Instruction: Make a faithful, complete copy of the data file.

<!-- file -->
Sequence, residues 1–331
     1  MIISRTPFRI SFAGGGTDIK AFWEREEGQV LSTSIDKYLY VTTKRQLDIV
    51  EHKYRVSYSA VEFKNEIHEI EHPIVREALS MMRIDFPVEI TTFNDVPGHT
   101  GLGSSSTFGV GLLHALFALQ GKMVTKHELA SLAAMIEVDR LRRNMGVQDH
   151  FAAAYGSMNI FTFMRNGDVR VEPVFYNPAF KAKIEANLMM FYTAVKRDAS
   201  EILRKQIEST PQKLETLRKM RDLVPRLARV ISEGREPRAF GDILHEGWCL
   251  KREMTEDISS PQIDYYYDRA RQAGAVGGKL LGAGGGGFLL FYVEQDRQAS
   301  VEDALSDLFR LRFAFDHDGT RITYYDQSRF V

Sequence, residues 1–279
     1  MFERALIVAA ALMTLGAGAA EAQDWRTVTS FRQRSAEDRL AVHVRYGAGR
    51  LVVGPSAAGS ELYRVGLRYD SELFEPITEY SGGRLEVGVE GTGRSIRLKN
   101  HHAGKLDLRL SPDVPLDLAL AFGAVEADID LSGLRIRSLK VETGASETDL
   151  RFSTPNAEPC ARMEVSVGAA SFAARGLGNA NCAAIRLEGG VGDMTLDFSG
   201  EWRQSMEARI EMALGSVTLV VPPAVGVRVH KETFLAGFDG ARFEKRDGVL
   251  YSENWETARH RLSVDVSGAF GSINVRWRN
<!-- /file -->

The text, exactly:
Sequence, residues 1–331
     1  MIISRTPFRI SFAGGGTDIK AFWEREEGQV LSTSIDKYLY VTTKRQLDIV
    51  EHKYRVSYSA VEFKNEIHEI EHPIVREALS MMRIDFPVEI TTFNDVPGHT
   101  GLGSSSTFGV GLLHALFALQ GKMVTKHELA SLAAMIEVDR LRRNMGVQDH
   151  FAAAYGSMNI FTFMRNGDVR VEPVFYNPAF KAKIEANLMM FYTAVKRDAS
   201  EILRKQIEST PQKLETLRKM RDLVPRLARV ISEGREPRAF GDILHEGWCL
   251  KREMTEDISS PQIDYYYDRA RQAGAVGGKL LGAGGGGFLL FYVEQDRQAS
   301  VEDALSDLFR LRFAFDHDGT RITYYDQSRF V

Sequence, residues 1–279
     1  MFERALIVAA ALMTLGAGAA EAQDWRTVTS FRQRSAEDRL AVHVRYGAGR
    51  LVVGPSAAGS ELYRVGLRYD SELFEPITEY SGGRLEVGVE GTGRSIRLKN
   101  HHAGKLDLRL SPDVPLDLAL AFGAVEADID LSGLRIRSLK VETGASETDL
   151  RFSTPNAEPC ARMEVSVGAA SFAARGLGNA NCAAIRLEGG VGDMTLDFSG
   201  EWRQSMEARI EMALGSVTLV VPPAVGVRVH KETFLAGFDG ARFEKRDGVL
   251  YSENWETARH RLSVDVSGAF GSINVRWRN